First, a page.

Upcycling: Candles

  1. Start by burning the candle all the way to the bottom, it’s easier to get the wax out if its warm.


2. Blow the candle out! Next dump wax into a paper towel and a plastic bag. Careful, this stuff can get messy.

3.  Wipe the candle out with paper towel and put in the dishwasher once or twice (this will help removes the stickers on the candles.

5. Once you get an empty candle container then you can decide what to do with them! Here are some of my ideas:

Rocks Glasses





Match Holder

Q-tip Holder


You could even give a go at remaking your own DYI candles!


Braids: Three Ways

I may not be the greatest at braids. Like anything, it’s a learning process. But here are my attempts at some pretty simple braids that I can even do! It’s a quick way to do your hair when you’re running late for work and don’t have time to wash your hair. Dry shampoo, braid, repeat!

Waterfall Braid


  1. With a part on the right side, take a section of hair on the heavy side of the part.
  2. Divide this into three sections and cross the back strand over the middle then the front strand over the middle.
  3. Next, cross the back strand over the middle and bring in a section of hair to create a french braid.
  4. Now cross the front strand over the middle and bring in a section of hair like in step 3
  5. Next, cross the back strand over the middle and bring in another section of hair.
  6. This time, instead of crossing the front strand over the middle, drop it down and pick up a section of hair directly behind that strand. Cross it over the middle in place of the dropped strand.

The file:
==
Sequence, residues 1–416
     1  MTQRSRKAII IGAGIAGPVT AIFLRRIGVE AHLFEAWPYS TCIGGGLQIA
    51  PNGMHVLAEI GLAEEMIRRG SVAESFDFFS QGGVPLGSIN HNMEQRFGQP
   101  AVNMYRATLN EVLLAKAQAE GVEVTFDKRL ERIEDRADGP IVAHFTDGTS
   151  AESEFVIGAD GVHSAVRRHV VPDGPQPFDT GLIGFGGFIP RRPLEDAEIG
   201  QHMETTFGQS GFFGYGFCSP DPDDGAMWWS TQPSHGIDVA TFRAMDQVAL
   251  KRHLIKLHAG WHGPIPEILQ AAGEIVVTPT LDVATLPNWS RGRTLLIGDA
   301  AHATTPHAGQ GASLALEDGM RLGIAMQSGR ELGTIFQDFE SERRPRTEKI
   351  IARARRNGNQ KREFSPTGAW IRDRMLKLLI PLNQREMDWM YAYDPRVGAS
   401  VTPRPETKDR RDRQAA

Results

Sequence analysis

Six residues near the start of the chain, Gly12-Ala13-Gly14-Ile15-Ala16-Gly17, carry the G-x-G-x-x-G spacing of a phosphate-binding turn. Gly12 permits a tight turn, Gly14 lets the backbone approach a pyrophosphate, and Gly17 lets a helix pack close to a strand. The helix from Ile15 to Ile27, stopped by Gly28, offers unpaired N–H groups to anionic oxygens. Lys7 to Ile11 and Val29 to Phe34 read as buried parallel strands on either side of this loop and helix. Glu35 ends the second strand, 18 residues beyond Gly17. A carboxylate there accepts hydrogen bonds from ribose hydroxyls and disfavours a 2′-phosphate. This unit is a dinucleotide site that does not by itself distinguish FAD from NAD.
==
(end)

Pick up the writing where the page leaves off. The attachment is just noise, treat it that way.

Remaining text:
7. Now cross the back strand over and bring in hair per usual.
  8. Next, repeat step 6 dropping the front strand and bringing in a replacement strand.
  9. Repeat steps 5 through 8 until the braid reaches the back of the head.
  10. Continue braiding the three strands down into a regular braid and pin it against the head.
  11. Lay hair over the top of the pin to hide it

Half Up Fish Tail Braid


  1. Start by dividing off a section of hair at the crown and tie it off with an elastic band.
  2. Next, create a gap right above the elastic band and pull the ponytail through the gap and back down again to create a flip.
  3. Wrap a small section of hair around the elastic band and secure it with another elastic band.
  4.  Braid the ponytail into a fishtail braid by dividing it into two halves and crossing small pieces from one side over top of each strand to the opposite side.
  5. Continue the braid until it’s about halfway down the section and then go back and pull on the edges to make it wider.
  6. Tie it off with an elastic band. Cover the elastic by wrapping a section of hair around it and securing it with another elastic band.

Mini Braids and Low Bun


  1. Brush through the hair to remove any tangles. With a part on the right side, pick up a small section of hair on the left side of the part. Divide it into three section and begin a tiny regular braid, crossing the side strands under the middle one. After one stitch, begin incorporating hair into the braid.
  2. Grab another section next to the first braid and repeat.
  3.  Tie the ends with clear elastic bands.
  4. Brush the rest of the hair into a low ponytail.
  5.  Tie the hair into a messy bun.